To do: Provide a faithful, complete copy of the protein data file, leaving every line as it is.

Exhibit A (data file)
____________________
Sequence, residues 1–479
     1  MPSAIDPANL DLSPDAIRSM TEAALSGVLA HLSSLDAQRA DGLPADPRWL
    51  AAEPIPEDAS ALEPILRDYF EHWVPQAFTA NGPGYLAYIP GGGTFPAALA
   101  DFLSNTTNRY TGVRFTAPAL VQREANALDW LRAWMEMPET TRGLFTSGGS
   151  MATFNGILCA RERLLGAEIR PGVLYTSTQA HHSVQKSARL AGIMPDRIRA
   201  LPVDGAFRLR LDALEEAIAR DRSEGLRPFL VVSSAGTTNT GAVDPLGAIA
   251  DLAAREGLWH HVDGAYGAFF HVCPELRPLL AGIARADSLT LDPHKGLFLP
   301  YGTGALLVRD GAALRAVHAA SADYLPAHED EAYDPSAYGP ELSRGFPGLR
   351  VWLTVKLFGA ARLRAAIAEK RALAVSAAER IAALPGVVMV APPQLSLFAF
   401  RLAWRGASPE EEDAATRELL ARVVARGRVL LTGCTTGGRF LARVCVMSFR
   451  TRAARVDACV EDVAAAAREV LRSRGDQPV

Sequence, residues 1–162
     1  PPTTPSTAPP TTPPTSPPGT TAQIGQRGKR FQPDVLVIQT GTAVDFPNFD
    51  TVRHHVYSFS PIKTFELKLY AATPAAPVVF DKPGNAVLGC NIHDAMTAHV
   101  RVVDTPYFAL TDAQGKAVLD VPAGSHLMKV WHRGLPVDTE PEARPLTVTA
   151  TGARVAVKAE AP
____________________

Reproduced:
Sequence, residues 1–479
     1  MPSAIDPANL DLSPDAIRSM TEAALSGVLA HLSSLDAQRA DGLPADPRWL
    51  AAEPIPEDAS ALEPILRDYF EHWVPQAFTA NGPGYLAYIP GGGTFPAALA
   101  DFLSNTTNRY TGVRFTAPAL VQREANALDW LRAWMEMPET TRGLFTSGGS
   151  MATFNGILCA RERLLGAEIR PGVLYTSTQA HHSVQKSARL AGIMPDRIRA
   201  LPVDGAFRLR LDALEEAIAR DRSEGLRPFL VVSSAGTTNT GAVDPLGAIA
   251  DLAAREGLWH HVDGAYGAFF HVCPELRPLL AGIARADSLT LDPHKGLFLP
   301  YGTGALLVRD GAALRAVHAA SADYLPAHED EAYDPSAYGP ELSRGFPGLR
   351  VWLTVKLFGA ARLRAAIAEK RALAVSAAER IAALPGVVMV APPQLSLFAF
   401  RLAWRGASPE EEDAATRELL ARVVARGRVL LTGCTTGGRF LARVCVMSFR
   451  TRAARVDACV EDVAAAAREV LRSRGDQPV

Sequence, residues 1–162
     1  PPTTPSTAPP TTPPTSPPGT TAQIGQRGKR FQPDVLVIQT GTAVDFPNFD
    51  TVRHHVYSFS PIKTFELKLY AATPAAPVVF DKPGNAVLGC NIHDAMTAHV
   101  RVVDTPYFAL TDAQGKAVLD VPAGSHLMKV WHRGLPVDTE PEARPLTVTA
   151  TGARVAVKAE AP